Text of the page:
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Edwin Armstrong

Edwin Howard Armstrong (1890-1954) American electrical engineer and inventor. He received an undergraduate degree in electrical engineering from Columbia University.

Edwin Armstrong was one of the most prolific inventors of the radio era, with a vision that was ahead of his time.

Armstrong was the inventor of FM radio. He also invented the Regenerative circuit (invented while he was a junior in college, and patented 1914), the Super-regenerative circuit (patented 1922), and the Super Heterodyne receiver (patented 1918). Many of Armstrong's inventions were ultimately claimed by others in patent lawsuits. Armstrong's life is both a story about the great inventions he brought about, and the tragedy wherein those inventions' rights were claimed by others.

In particular, the regenerative circuit, which Armstrong patented in 1914, was subsequently patented by Lee DeForest in 1916; deForest then sold the rights to his patent to AT&T. Between 1922 and 1934, Armstrong found himself embroiled in a patent war, between himself, RCA, and Westinghouse on one side, and deForest and AT&T on the other. This patent lawsuit was the longest ever litigated to its date, at 12 years. Armstrong won the first round of the lawsuit, lost the second, and stalemated in a third. Before the United States Supreme Court, deForest was granted the regeneration patent in what is today widely believed to be a misunderstanding of the technical facts by the Supreme Court.

Even as the regeneration circuit lawsuit continued, Armstrong created another significant invention: frequency modulation. Rather than varying the amplitude of a radio wave to create sound, Armstrong's method used varying the frequency of the wave instead. Significantly, FM radio receivers proved to generate a much clearer sound, free of static, than the AM radio dominant at the time.

In proving the utility of FM technology, Armstrong successfully lobbied the FCC to create an FM radio band, between 42 and 49 MHz.

In the early 1940s, shortly before and during World War II, Armstong then helped to market a small number of high powered FM radio stations in the New England states, known as the Yankee Network. Armstrong had begun on a journey to convince America that FM radio was superior to AM, and, he hoped, to collect patent royalties on every radio sold with FM technology.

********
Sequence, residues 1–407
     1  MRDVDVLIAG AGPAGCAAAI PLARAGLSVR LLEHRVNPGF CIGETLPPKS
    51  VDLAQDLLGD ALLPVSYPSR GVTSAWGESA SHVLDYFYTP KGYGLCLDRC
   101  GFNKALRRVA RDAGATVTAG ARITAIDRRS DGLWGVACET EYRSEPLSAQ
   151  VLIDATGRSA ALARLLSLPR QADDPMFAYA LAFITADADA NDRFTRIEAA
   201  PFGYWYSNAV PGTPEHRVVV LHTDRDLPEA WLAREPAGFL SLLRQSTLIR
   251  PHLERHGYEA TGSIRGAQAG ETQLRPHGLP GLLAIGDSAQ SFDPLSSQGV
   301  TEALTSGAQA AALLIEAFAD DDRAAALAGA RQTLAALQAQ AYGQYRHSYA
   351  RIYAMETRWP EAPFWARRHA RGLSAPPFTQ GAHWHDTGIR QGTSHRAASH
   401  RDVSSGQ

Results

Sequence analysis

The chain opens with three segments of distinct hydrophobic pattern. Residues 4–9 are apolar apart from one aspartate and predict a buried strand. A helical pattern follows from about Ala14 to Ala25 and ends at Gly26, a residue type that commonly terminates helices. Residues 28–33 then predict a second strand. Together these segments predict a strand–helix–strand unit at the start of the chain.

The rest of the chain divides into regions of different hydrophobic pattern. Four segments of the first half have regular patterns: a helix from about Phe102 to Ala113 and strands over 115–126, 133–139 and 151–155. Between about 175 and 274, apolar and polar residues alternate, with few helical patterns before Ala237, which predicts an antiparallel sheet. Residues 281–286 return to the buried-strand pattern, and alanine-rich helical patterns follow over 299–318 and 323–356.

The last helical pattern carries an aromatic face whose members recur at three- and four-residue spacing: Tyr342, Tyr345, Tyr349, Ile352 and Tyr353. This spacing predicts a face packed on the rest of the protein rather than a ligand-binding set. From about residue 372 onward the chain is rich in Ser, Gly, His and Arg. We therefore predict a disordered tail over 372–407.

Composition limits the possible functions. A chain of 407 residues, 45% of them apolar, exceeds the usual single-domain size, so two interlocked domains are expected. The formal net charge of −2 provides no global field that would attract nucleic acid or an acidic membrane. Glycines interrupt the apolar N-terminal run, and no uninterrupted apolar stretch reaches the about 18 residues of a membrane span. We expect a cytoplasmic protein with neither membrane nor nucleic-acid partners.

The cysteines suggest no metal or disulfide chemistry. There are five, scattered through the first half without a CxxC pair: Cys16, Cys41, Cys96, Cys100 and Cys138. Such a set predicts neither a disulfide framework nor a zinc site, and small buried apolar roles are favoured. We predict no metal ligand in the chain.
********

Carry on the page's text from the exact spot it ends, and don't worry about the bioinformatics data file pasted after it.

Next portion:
By June of 1945, the Radio Corporation of America, RCA had pushed the FCC hard on the allocation of electromagnetic frequencies for the fledgling television industry. Although they denied wrongdoing, David Sarnoff and RCA managed to get the FCC to move the FM radio spectrum from (42 to 49 MHz), to (88 to 108 MHz), while getting new television channels allocated in the 40-Megahertz range.

Coincidentally or otherwise, this rendered all Armstrong-era FM sets useless overnight, while helping protect RCA's strong AM radio stronghold. Armstrong's radio network did not survive the frequency shift up into the high frequencies; some experts believe that FM technology was set back decades by the FCC's decision.

Furthermore, RCA ultimately claimed and won its own patent on FM technology, and won the ensuing patent fight between themselves and Edwin Armstrong, leaving Armstrong without the ability to claim royalties on FM radios sold in the United States. The undermining of the Yankee Network and patent court fight left Armstrong virtually penniless and emotionally destroyed.

In this state, Armstrong committed suicide in 1954 by jumping out of his apartment window, depressed by what he saw as the failure of his invention of FM radio. It took decades after Armstrong's death for FM radio to meet and surpass the saturation of AM, and longer still for FM radio to become profitable for its broadcasters. Ultimately, however, the genius of FM technology was proven by its wide adoption today.


"Anyone who has had actual contact with the making of the inventions that built the radio art knows that these inventions have been the product of experiment and work based on physical reasoning, rather than on the mathematicians' calculations and formulae. Precisely the opposite impression is obtained from many of our present day text books and publications." - Edwin H. Armstrong

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